ABC News' Sarah Tobianski reports: During the White House’s celebration of the Muslim holiday of Ramadan this evening, President Obama highlighted the contributions of Muslim Americans, talking about how much the Muslim community has enriched American culture “in ways both large and small.”
“The contributions of Muslims to the United States are too long to catalogue because Muslims are so interwoven into the fabric of our communities and our country,” the President said to begin the night’s iftar – or fast-breaking – dinner in the State Dining Room. “American Muslims are successful in business and entertainment, the arts and athletics, in science and in medicine. Above all, they are successful parents, good neighbors and active citizens.”
Surrounded by members of his cabinet, Congress, the diplomatic corps and some members of the Muslim community, the President acknowledged the religion’s prominent place in our country saying Ramadan celebrations are being “carried out at tables and mosques in all 50 states.”
The Muslim religion, he said, “as long as we know it, is part of America and like the broader American citizenry, the American Muslim community is one of extraordinary dynamism and diversity.”
Ramadan is the Islamic month of prayer and reflection, in which Muslim participants refrain from eating, drinking, smoking and other indulgences from sunrise to sunset. Participants break their day-long fasts with iftar meals at sunset. The holiday began last Saturday in most of the Islamic world.
The president paid special tribute to Kareem Khan, who “made the ultimate sacrifice” when he died serving in Iraq, Nashala Hearn, who won the right to wear a hijab in school, Bilqis Abdul-Qaadir, who holds the record for the most points scored by a high school basketball player in Massachusetts, and Muhammad Ali, who – though he couldn’t attend – is “a man of quiet dignity and grace and continues to fight for what he believes.”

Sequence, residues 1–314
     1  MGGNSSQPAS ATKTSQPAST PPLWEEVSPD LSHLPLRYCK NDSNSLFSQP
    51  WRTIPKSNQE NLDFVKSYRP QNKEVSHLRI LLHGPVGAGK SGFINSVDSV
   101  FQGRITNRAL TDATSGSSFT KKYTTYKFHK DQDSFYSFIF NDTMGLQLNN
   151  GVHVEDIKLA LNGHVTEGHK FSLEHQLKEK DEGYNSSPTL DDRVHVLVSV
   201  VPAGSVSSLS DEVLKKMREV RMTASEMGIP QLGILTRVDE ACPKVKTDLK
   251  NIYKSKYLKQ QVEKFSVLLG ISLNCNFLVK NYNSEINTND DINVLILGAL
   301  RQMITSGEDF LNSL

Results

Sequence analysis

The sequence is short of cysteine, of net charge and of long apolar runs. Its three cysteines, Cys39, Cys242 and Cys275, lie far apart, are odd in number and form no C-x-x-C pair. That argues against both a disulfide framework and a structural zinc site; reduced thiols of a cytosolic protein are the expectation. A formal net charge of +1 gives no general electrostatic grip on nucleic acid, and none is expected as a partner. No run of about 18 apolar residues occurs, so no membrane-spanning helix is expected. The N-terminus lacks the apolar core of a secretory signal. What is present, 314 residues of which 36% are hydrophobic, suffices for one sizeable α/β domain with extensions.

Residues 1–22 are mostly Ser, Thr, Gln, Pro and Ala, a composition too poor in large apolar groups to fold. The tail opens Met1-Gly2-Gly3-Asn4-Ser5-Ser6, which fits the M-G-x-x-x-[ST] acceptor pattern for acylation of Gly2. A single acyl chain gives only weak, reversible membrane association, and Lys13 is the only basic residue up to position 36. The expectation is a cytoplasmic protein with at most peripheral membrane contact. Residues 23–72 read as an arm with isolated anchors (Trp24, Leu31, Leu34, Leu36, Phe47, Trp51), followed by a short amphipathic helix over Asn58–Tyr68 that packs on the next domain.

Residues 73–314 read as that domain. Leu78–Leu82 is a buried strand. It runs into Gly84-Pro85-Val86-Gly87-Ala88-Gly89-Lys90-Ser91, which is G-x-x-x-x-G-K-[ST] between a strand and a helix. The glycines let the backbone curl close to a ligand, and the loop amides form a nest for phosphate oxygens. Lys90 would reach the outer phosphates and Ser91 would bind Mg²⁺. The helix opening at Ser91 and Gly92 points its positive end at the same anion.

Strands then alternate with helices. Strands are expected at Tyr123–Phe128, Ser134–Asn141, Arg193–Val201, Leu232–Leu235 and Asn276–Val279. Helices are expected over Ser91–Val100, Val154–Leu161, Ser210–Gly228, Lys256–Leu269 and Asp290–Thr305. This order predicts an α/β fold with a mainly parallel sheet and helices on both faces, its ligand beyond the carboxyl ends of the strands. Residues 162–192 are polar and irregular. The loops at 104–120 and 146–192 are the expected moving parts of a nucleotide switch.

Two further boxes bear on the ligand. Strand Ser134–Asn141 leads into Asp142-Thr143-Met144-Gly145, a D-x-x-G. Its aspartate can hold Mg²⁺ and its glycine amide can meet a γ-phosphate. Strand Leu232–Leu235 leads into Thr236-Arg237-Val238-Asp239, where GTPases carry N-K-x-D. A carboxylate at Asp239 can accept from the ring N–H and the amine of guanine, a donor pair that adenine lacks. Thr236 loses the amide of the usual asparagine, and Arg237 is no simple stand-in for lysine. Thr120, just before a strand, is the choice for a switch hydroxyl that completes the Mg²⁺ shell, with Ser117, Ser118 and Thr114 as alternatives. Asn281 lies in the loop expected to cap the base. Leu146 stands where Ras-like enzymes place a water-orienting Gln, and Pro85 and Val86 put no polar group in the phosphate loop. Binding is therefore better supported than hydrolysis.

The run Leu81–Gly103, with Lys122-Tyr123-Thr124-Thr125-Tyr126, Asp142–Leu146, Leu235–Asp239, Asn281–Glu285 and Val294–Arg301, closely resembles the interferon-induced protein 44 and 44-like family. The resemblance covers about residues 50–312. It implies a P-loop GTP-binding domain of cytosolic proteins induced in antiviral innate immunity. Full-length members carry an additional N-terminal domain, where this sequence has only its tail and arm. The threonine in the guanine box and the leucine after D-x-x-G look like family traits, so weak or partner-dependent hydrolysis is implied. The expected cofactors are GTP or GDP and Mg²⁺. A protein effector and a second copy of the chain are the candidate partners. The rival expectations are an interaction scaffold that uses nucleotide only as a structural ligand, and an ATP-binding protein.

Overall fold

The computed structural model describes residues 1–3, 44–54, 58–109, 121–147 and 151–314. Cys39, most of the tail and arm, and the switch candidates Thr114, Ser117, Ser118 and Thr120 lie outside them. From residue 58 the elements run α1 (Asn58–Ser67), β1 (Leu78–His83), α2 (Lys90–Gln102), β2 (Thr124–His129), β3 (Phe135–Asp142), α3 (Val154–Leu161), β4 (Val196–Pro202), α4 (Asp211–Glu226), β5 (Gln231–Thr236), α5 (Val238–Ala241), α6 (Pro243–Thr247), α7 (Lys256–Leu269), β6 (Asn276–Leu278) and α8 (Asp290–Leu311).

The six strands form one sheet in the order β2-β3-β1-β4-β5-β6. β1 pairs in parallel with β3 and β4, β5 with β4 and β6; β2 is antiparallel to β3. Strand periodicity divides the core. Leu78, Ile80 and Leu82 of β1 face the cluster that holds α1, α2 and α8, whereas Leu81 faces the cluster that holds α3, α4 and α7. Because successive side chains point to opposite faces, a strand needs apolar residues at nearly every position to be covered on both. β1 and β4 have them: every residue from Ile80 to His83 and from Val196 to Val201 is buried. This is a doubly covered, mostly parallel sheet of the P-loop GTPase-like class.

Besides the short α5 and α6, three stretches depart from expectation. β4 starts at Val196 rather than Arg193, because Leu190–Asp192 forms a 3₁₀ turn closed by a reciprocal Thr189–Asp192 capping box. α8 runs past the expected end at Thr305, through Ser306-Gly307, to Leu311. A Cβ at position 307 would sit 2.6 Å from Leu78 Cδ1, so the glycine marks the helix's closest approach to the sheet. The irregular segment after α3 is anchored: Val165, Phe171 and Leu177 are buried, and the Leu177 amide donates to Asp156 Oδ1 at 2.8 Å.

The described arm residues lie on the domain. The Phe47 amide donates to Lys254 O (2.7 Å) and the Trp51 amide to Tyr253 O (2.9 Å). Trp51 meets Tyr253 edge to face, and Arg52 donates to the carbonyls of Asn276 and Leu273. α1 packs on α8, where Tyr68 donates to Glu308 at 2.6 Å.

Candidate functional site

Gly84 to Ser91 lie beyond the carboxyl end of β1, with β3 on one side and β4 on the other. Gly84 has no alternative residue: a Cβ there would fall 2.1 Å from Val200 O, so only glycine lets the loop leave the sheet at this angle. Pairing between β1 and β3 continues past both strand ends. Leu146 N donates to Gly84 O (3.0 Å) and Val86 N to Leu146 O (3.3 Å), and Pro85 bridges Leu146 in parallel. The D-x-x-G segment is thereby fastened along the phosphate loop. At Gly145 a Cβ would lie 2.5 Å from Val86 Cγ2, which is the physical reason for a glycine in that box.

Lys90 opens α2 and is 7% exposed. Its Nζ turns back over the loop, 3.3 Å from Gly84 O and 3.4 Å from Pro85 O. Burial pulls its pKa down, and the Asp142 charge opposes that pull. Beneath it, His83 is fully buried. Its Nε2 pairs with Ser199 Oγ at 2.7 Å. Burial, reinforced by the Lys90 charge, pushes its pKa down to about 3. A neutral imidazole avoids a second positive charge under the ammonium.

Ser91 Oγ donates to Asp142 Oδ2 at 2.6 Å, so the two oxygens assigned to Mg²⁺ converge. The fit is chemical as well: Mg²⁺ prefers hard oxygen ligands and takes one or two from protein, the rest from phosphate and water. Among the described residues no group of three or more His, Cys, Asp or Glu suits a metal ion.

The president noted the long tradition of hosting iftars at the White House, a tradition of former President Bush, who held eight Ramadan dinners in office. It was part President Bush’s outreach to stress that America isn’t at war with Islam, but with violent extremists.
The celebration tonight was part of President Obama’s “on-going dialogue” with the Muslim community, which started with a message in his inaugural speech and continued with trips to Ankara and Cairo, a statement on the Muslim new year holiday, Nowruz, and appearances on Al Arabiya and Dawn TV.
“Together we have a responsibility to foster engagement grounded in mutual interests and mutual respect,” President Obama said. “And that is one of my fundamental commitments as president – both at home and abroad. That is central to the new beginning I have sought between the United States and Muslims around the world. That is a commitment we can renew once again during this holy season.”
President Obama, himself, has Muslim family members and spent part of his childhood in Indonesia, where he learned about both Christian and Muslim religions in school.